Bell rushed for 1,020 yards, third in country behind Arizona's Art Luppino and Penn State's Lenny Moore. Maybe the most incredible stat is Bell's 96 carries that season. Bell is one of only two in Army history to average more than 10 yards per carry (10.6) in a season. Davis averaged 11.5 in 1944 and 1945.

"He didn't get the recognition that he deserved," said teammate Bill Cody, a reserve quarterback on the 1954 team. "He didn't know anything but trying and trying hard. He believed the coach knew what was right. He was always a little unsure of where he stood with the coaches. His teammates knew he was a great football player."

So did the country: Bell was named a 1954 all-American back.

Bell's next honor? Hopefully, election into the Army Sports Hall of Fame.

"You look at all of his stats and read through them, it's hard to believe that he doesn't belong there," said Joe Franklin, Bell's teammate and former Commandant of Cadets at West Point.

Bob Bell created a Facebook page, "Tommy Bell 1954 Army Halfback All America," calling his father, "the forgotten all-American."

"This is my quest for my dad to get recognized in the Army Hall of Fame," Bob Bell said.

Bob Beretta, Army's senior associate athletic director and chairman of Hall of Fame selection committee, said Bell's name has been on the ballot the last few years. The Hall of Fame strives to keep a balance in sport, ethnicity, gender and era in its members, Beretta said.

"He's a strong candidate and will get strong consideration," Beretta said. "Ultimately, those deserving get in. He's deserving, and eventually he'll get in."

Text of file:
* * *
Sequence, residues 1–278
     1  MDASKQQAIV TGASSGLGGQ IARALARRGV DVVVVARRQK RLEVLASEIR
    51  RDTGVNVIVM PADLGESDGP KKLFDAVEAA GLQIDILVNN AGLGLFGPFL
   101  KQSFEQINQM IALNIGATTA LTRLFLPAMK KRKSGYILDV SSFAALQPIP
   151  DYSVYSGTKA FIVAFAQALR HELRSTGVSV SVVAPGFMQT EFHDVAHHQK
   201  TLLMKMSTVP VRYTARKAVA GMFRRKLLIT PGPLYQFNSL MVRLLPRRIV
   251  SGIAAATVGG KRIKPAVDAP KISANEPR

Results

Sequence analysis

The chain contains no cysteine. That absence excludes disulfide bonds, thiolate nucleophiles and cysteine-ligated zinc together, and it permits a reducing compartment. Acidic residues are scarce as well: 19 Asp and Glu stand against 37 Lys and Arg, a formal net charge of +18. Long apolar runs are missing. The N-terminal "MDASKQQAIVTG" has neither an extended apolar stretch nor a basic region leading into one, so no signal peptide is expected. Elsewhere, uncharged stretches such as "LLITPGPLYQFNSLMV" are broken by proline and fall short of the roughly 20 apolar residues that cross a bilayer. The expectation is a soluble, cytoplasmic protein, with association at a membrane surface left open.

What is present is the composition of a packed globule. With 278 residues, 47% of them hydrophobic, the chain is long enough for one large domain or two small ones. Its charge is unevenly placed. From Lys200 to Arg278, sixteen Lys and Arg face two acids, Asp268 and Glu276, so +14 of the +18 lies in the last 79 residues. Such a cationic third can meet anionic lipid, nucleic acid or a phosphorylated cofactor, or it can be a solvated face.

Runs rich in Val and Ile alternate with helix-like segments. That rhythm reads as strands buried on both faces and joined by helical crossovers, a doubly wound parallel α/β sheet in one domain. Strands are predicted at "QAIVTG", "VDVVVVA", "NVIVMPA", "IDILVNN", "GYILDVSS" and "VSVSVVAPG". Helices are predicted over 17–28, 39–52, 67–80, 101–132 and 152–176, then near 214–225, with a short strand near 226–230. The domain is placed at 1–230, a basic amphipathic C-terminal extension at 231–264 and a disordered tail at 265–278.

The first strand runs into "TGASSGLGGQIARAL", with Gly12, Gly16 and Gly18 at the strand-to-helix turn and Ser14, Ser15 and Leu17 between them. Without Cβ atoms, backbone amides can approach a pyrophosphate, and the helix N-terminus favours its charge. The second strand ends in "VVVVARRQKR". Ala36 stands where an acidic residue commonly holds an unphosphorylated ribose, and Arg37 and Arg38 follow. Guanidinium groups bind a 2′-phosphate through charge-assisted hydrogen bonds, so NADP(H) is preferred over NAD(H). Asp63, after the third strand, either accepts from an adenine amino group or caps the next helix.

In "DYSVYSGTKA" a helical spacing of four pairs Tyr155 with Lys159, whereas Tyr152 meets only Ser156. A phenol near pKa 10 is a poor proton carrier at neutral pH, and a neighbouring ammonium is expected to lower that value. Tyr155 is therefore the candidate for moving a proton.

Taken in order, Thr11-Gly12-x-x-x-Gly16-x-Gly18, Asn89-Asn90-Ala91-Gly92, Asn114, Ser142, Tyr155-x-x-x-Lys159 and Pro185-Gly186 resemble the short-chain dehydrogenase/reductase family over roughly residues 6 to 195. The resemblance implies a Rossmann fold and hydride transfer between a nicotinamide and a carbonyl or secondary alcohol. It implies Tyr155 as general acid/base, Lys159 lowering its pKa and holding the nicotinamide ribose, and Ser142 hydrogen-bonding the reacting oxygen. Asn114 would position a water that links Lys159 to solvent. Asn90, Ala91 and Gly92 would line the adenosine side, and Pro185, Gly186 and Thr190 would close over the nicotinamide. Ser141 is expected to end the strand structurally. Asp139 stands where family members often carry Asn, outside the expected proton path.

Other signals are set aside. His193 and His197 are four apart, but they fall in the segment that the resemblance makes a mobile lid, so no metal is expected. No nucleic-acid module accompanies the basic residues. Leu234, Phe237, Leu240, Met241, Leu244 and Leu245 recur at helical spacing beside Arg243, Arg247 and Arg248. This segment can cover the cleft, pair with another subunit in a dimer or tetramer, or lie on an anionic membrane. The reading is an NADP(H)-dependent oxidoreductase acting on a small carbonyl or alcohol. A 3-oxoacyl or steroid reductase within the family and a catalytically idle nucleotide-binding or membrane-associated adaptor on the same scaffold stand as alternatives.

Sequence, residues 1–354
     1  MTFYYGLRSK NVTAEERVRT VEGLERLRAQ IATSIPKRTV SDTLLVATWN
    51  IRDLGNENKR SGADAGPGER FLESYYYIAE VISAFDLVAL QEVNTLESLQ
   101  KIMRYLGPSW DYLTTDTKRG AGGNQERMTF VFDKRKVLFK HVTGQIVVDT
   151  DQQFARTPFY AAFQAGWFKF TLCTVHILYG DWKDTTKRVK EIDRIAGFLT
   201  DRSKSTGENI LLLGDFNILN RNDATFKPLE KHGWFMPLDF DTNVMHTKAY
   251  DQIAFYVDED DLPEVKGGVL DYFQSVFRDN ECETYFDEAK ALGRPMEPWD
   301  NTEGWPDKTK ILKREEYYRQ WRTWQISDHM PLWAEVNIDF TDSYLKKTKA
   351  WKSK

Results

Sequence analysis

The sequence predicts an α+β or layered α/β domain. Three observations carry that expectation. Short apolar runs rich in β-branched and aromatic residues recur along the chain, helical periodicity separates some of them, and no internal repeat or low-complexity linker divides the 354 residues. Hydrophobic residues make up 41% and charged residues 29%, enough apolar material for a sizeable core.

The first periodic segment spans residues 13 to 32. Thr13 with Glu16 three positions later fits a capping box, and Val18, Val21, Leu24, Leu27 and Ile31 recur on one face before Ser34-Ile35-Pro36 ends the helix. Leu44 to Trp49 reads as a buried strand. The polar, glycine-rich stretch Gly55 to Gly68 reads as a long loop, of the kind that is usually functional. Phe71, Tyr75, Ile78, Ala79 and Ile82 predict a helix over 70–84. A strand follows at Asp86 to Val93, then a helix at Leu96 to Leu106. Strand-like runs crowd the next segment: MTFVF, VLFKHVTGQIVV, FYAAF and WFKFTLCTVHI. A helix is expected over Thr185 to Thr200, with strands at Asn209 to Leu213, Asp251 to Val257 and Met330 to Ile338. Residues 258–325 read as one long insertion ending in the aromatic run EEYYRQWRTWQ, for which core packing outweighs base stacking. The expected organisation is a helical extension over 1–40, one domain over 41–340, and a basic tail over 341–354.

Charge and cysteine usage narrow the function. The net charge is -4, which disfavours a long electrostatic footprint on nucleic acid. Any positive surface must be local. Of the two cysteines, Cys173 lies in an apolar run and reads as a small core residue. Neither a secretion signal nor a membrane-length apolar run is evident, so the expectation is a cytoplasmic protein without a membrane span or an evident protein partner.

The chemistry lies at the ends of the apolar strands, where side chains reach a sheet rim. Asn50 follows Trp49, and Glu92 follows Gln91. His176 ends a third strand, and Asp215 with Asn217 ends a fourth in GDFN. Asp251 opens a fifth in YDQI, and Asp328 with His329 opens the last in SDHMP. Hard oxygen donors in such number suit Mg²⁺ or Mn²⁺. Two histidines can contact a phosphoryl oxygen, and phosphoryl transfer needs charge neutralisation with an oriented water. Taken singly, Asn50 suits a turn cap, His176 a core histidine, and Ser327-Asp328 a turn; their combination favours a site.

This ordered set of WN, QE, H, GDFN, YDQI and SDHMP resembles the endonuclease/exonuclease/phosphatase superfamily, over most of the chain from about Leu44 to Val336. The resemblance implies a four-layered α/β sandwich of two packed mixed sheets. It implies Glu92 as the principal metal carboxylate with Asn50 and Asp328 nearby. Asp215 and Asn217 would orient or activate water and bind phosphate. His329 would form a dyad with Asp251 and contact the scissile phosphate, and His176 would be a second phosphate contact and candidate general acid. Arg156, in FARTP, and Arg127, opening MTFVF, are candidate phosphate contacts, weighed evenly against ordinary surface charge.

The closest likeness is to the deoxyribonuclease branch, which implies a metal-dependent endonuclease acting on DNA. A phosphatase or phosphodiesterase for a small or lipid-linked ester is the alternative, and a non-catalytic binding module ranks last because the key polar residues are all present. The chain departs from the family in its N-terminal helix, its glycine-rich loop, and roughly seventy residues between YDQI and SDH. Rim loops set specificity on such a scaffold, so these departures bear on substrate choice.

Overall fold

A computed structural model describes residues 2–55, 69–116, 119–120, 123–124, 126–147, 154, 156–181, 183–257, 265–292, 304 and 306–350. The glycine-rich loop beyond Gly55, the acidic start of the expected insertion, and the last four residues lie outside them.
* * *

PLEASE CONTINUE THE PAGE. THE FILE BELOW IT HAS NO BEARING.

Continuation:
Army's 2011 Hall of Fame class has been picked. Bell understands his son's urgency, but he remains as modest as his playing days.

"It doesn't matter to me," Tommy Bell said. I know what I did and I'm happy with that ... I'm happy to have been here. I loved the game. West Point was the best place for me."

Bell and his family enjoyed a tour of West Point's athletic facilities on their visit. The tour guide was Col. Sam Johnson, West Point's Chief of Staff. Johnson's father, Charlie, graduated in Bell's 1955 class.

Bell's grandchildren received Army footballs and Johnson asked Bell to autograph three footballs, one which may be placed in the Sports Hall of Fame.

"You made my day," Bell told Johnson. "I haven't done this in a long time."

For one day, Bell had a moment back at West Point. Another big day could be in his future.

Sal Interdonato
sinterdonato@th-record.com
17 July 2011